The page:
Inadequate charging infrastructure, reliance on battery imports, range anxiety and high prices are not the only problems in India’s electric vehicles (EV) industry. Financing these cars isn’t too easy either. At the core is viability — and volumes. Financiers said electric car sales must show up sufficiently on the dashboard for them to build a viable finance plan.
For the personal buyer, car prices range anywhere between Rs 12 lakh and Rs 20 lakh. Financiers believe that the consumer would default because of the high prices, making it difficult for them to sell the attached vehicle.
Ashok Khanna, head, auto finance, HDFC Bank, is a veteran in the motor financing space. “Our bank will finance as and when vehicles are introduced. However, we have to see how many customers are eligible for a Rs 15-lakh car,” he said. Khanna added that after a 5 per cent GST cut and reduced registration cost, amounting to total relief of more than 30-35 per cent, it is doubtful the government will extend any further benefit to the personal EV space.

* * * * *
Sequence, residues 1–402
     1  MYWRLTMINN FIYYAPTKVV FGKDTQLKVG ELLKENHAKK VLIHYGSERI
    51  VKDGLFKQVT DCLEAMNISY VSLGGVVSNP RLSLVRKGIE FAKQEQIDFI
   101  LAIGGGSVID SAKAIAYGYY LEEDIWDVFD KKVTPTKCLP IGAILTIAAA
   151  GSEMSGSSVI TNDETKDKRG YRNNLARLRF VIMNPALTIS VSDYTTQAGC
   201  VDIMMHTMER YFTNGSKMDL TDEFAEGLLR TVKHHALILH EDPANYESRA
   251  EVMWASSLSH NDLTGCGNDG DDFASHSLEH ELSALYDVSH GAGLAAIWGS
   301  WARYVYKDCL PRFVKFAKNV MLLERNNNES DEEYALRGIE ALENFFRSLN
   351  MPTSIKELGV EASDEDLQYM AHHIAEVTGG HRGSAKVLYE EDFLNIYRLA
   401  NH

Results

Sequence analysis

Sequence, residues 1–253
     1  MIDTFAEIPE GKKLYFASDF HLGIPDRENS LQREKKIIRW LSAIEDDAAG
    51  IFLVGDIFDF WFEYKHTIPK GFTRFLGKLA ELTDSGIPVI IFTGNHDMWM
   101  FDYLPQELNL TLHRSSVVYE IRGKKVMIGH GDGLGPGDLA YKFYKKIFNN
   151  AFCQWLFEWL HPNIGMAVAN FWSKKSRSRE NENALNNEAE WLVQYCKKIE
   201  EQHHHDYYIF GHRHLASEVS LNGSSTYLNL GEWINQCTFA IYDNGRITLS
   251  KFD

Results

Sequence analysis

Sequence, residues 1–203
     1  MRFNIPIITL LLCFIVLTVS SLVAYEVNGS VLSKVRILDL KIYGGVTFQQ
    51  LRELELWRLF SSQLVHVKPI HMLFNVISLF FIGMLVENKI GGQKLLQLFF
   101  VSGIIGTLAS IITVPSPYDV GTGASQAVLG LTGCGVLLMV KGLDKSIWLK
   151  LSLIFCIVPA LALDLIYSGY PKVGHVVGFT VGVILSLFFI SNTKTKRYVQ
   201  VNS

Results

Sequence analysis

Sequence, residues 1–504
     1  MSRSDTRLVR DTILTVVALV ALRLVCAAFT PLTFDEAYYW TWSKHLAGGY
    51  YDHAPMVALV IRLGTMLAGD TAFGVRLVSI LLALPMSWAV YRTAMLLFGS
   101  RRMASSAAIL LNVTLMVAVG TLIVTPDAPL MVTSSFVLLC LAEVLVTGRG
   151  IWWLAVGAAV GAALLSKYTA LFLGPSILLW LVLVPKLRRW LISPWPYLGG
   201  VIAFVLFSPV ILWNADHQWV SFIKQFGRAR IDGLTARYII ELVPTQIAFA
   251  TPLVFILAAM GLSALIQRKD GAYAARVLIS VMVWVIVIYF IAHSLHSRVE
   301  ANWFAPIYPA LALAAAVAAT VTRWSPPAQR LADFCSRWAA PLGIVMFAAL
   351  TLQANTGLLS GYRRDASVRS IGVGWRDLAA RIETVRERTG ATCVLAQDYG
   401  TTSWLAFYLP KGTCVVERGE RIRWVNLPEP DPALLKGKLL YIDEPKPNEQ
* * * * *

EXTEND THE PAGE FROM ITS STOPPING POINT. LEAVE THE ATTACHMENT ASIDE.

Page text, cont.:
Another leading auto financier said that it is looking to rejig its loan schemes to make them a bit more attractive for potential EV consumers.
“The FAME-II benefits are currently extended only to vehicles used for commercial purposes and not personal use. Large electric fleet operators are able to get finance. It’s the small fleet operator or the personal buyer who is finding it difficult to buy such cars,” said Neeraj Gupta, founder of the shared mobility cab company Meru, in which Mahindra now has a majority stake.
Gupta added that banks have to play a vital role in opening up financing, which will see volumes expand in the electric vehicle segment.